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dc.contributor.advisorTimothy F. Jamison.en_US
dc.contributor.authorHeckman, Laurel Millikanen_US
dc.contributor.otherMassachusetts Institute of Technology. Department of Chemistry.en_US
dc.date.accessioned2018-09-28T20:59:27Z
dc.date.available2018-09-28T20:59:27Z
dc.date.copyright2018en_US
dc.date.issued2018en_US
dc.identifier.urihttp://hdl.handle.net/1721.1/118267
dc.descriptionThesis: Ph. D. in Organic Chemistry, Massachusetts Institute of Technology, Department of Chemistry, 2018.en_US
dc.descriptionCataloged from PDF version of thesis. Page 300 blank.en_US
dc.descriptionIncludes bibliographical references.en_US
dc.description.abstract[chemical formula] Highly functionalized 2-arylindoles were synthesized from 2-alkenylarylisocyanides and arylboronic acids using a simple, inexpensive copper catalyst. The reaction exhibits excellent functional group tolerance for both the arylisocyanide and boronic acid coupling partners. To avoid the direct handling of the pungent arylisocyanide starting materials, continuous flow chemistry is further demonstrated to provide safe and effective access to 2-arylindoles through in situ dehydration and cyclization of easy-to-handle 2-alkenyl-N-formylanilines. Laurel M. Heckman and Dr. Zhi He contributed equally to initial reaction investigation. Z.H. carried out the arylboronic acid scope. L. M. H. carried out reaction optimization, isocyanide scope and reactions in continuous flow. [chemical formula] Despite its utility, monochloramine (NH₂Cl) has not achieved widespread use as a nitrogen transfer reagent due to its unstable and hazardous nature. We developed a continuous flow platform for the safe, reliable, and inexpensive on-demand synthesis of NH₂Cl. Additionally we demonstrate the synthetic utility of NH2Cl by converting it to valuable NH aziridne and nitrile products in good to excellent yield in exceedingly short reaction times. Dr. Evan Styduhar developed continuous flow synthesis of NH₂Cl. E.S. also developed the reaction of NH2 Cl to form aziridines and nitriles in batch and continuous flow. Laurel M. Heckman helped optimize the continuous flow setup, performed the reaction scope in continuous flow, and explored additional substrates in batch. [chemical formula] A rapid, operationally simple synthesis of 6-TAMRA, an important probe for labeling biomolecules, from 2-carboxycarbonylterephthalic acid and 3-dimethylaminophenol is described herein. The intermediate ketoacid was synthesized in a single step from commercially available dimethylacetophenone. Additionally, progress was made towards a facile scalable synthesis in continuous flow. Dr. Justin A. M. Lummiss carried out the oxidation batch synthesis. Laurel M. Heckman carried out reaction screening and optimization of step 2 of the batch synthesis. L.M.H and J.A.M.L contributed equally to the experiments in continuous flow. Dale Thomas (graduate student, Jensen Research Group, MIT Department of Chemical Engineering) developed the fully automated platform. Bruce Adams (Staff, DCIF of MIT Department of Chemistry) helped with low temperature and 2-D NMR experiments. Peter MUller (Director, Diffraction Facility of MIT Department of Chemistry) carried out the single-crystal X-ray diffraction experiments.en_US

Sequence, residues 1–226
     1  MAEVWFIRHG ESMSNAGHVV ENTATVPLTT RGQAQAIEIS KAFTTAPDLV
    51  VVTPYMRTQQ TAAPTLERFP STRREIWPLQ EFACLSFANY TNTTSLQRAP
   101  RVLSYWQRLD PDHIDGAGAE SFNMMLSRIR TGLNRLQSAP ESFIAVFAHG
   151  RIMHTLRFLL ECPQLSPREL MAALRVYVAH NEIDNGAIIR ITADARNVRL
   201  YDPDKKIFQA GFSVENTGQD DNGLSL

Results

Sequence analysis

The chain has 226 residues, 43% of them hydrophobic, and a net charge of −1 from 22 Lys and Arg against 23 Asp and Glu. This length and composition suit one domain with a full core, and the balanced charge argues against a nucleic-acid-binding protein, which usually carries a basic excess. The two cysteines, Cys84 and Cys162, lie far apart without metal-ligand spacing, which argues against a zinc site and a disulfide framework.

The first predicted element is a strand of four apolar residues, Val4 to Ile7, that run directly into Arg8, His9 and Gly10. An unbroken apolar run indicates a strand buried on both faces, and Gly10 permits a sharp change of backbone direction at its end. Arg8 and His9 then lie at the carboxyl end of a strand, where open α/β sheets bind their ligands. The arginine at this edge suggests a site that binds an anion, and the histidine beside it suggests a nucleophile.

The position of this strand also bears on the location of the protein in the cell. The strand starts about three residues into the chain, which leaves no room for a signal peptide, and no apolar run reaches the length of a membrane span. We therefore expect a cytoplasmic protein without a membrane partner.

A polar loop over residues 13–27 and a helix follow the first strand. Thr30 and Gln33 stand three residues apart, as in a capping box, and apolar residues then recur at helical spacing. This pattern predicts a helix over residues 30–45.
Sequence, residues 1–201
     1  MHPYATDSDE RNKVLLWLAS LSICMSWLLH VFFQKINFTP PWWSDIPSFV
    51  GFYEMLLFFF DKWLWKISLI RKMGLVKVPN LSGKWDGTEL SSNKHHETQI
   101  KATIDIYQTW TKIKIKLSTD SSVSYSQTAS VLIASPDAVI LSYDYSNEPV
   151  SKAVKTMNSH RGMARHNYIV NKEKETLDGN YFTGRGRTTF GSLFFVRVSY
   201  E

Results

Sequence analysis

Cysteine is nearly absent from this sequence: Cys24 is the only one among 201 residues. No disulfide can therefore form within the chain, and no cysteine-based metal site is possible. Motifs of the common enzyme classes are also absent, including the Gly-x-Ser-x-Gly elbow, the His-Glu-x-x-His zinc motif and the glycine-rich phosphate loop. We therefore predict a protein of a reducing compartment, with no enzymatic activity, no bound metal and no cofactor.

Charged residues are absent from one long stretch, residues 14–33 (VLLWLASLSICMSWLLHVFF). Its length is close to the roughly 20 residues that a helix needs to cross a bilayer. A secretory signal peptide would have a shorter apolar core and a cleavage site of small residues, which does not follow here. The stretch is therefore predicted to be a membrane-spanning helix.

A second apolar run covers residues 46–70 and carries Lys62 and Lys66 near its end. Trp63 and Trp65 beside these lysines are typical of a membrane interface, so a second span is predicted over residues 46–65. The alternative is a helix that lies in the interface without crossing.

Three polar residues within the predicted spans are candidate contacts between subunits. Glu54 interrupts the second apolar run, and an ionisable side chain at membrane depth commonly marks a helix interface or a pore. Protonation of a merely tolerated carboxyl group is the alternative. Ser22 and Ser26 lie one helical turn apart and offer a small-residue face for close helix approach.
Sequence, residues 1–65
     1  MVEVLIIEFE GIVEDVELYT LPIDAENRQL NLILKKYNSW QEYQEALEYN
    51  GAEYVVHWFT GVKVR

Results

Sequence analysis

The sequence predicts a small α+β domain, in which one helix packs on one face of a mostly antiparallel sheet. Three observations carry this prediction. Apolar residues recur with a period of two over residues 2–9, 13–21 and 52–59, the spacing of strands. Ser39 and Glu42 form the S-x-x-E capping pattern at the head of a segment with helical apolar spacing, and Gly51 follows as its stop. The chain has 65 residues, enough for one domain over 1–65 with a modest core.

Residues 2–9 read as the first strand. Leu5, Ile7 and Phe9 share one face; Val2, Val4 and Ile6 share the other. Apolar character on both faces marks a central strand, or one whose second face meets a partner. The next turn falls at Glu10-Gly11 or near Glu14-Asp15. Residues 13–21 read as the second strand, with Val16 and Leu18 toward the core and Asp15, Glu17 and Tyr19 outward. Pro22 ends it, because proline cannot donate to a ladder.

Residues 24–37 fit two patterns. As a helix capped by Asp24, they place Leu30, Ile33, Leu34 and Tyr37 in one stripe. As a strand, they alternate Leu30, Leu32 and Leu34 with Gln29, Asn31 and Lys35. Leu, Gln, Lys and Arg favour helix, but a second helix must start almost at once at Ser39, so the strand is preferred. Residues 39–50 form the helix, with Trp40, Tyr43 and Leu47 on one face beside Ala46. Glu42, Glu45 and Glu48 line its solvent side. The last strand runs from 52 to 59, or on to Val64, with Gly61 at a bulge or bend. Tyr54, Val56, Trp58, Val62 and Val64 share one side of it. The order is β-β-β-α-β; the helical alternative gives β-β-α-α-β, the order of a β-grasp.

dc.description.statementofresponsibilityby Laurel Millikan Heckman.en_US
dc.format.extent300 pagesen_US
dc.language.isoengen_US
dc.publisherMassachusetts Institute of Technologyen_US
dc.rightsMIT theses are protected by copyright. They may be viewed, downloaded, or printed from this source but further reproduction or distribution in any format is prohibited without written permission.en_US
dc.rights.urihttp://dspace.mit.edu/handle/1721.1/7582en_US
dc.subjectChemistry.en_US
dc.titleEnabling the use of unstable, hazardous reagents with continuous flow synthesisen_US
dc.typeThesisen_US
dc.description.degreePh. D. in Organic Chemistryen_US
dc.contributor.departmentMassachusetts Institute of Technology. Department of Chemistry.en_US
dc.contributor.departmentMassachusetts Institute of Technology. Department of Chemistry
dc.identifier.oclc1054181451en_US


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